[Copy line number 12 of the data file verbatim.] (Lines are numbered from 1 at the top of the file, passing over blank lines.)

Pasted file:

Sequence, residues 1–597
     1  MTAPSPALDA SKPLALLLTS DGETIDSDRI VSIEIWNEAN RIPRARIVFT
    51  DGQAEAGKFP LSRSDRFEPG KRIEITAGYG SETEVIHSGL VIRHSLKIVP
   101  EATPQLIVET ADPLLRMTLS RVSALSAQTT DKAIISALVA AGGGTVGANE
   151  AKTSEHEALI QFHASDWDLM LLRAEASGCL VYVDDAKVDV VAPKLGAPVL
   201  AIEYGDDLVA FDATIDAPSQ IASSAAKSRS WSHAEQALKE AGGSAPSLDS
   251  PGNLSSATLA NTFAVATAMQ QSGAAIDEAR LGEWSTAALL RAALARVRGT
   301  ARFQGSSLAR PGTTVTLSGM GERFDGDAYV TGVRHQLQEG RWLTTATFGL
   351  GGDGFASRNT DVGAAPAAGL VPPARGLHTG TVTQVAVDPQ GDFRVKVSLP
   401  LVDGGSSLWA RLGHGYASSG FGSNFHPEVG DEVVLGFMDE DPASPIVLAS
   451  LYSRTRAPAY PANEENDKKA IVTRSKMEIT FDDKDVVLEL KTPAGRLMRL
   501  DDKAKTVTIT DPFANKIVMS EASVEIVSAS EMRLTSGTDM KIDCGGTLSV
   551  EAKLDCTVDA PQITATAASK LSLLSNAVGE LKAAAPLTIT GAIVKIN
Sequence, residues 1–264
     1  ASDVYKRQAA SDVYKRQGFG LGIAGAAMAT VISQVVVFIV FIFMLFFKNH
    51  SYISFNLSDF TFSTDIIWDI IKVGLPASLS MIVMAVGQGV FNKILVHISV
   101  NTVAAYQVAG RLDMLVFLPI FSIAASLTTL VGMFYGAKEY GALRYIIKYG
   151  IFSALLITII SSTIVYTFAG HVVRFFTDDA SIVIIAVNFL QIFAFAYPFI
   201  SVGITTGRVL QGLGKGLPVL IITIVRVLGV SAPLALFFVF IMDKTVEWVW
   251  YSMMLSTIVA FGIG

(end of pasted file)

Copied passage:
   501  DDKAKTVTIT DPFANKIVMS EASVEIVSAS EMRLTSGTDM KIDCGGTLSV